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  • Using Space in Variables

    I'm using a variable "YesBoss" in my JS file.
    Please tell me how can I give a space within "Yes" and "Boss"???
    I actually want...

    var=Yes Boss
    instead of...
    var=YesBoss

    Please help

  • #2
    Are you trying to declare a variable, or are you trying to set a value? I noticed you used var=YesBoss. Is it really important that you have a space? Assuming You are trying to declare a variable, then It's not possible. If you're trying to make a variable equal to "Yes Boss", then type "var example = "Yes Boss".

    If you're declaring a variable, I don't see how it would matter if there was a space or not, because you could just use "Yesboss", and it wouldn't make a difference.
    var currentTime = new Date()
    var chance = currentTime.getTime()
    var chance2 = chance % 3
    alert(chance2)

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    • #3
      You may use an underscore, spaces are not alowed in the name of a function, variable, method...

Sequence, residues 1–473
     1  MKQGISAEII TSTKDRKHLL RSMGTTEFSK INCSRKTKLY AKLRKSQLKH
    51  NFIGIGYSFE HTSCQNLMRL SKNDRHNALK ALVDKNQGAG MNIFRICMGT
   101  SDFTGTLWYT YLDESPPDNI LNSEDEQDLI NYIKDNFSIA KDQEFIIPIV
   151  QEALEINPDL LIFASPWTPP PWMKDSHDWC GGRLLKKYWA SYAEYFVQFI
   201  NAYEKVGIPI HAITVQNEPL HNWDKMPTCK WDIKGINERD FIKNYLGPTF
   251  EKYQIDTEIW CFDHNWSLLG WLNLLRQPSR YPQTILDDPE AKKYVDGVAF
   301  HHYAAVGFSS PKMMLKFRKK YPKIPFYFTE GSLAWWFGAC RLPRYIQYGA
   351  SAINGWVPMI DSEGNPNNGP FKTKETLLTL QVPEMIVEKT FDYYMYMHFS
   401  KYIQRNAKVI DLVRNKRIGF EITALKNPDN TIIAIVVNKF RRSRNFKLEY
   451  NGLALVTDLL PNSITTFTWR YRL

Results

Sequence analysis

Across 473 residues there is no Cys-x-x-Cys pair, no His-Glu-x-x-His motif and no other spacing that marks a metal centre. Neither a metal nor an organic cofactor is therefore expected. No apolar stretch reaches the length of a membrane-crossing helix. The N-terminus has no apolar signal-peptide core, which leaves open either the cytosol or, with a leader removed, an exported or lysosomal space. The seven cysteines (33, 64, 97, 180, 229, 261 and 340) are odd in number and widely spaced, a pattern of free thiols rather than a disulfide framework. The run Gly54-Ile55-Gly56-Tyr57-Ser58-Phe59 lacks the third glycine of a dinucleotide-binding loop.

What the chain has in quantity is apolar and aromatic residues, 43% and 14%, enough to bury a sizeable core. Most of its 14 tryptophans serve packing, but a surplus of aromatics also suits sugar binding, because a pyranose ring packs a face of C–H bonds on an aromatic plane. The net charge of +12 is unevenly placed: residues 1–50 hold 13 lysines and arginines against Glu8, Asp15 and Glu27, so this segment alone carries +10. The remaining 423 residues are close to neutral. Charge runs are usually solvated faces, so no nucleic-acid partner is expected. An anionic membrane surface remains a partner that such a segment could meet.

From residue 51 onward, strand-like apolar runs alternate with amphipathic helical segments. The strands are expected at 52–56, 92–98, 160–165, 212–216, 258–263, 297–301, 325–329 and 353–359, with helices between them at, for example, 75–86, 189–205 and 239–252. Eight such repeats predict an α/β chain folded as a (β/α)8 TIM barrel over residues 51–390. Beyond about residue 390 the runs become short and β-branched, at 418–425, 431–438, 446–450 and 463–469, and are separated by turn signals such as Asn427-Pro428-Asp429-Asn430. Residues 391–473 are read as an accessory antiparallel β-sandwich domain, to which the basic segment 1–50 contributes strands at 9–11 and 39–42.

var Yes_Boss

      But, really, why do you need a space or a separator?
      KOR
      Offshore programming
      -*-*-*-*-*-*-*-*-*-*-*-*-*-*-*-*-*

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      • #4
        Or var yes, boss='Yes Boss';
        Last edited by mrhoo; Sep 28, 2006, 10:44 AM.

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        • #5
          You need to understand the difference between variables and values to ask this question in a way we can all understand.

          A variable is a symbol that the program uses to hold a value. So in the following example:
          Code:
          var x = 5;
          The variable x has a value of 5. This is similar to algebra, where 1 + x = 6, x has a value of 5.

          It is not possible to create a variable with a space character in the name of the variable like:
          Code:
          var yes boss = 5;
          because JavaScript (and most other languages) use the space character to separate individual symbols. However, it seems like you're trying to assign a String value to a variable like so:
          Code:
          var x = "This is a string.";
          All strings must be wrapped in quotes to specify that these are strings. If you were to do this:
          Code:
          var x = this is a string;
          JavaScript will attempt to figure out the value of this, is, a, and string as if they were separate variables, and since there are no operators between each symbol, it won't know what to do with them anyway.

          I hope this helped you out, and if you need more clarification, just ask.

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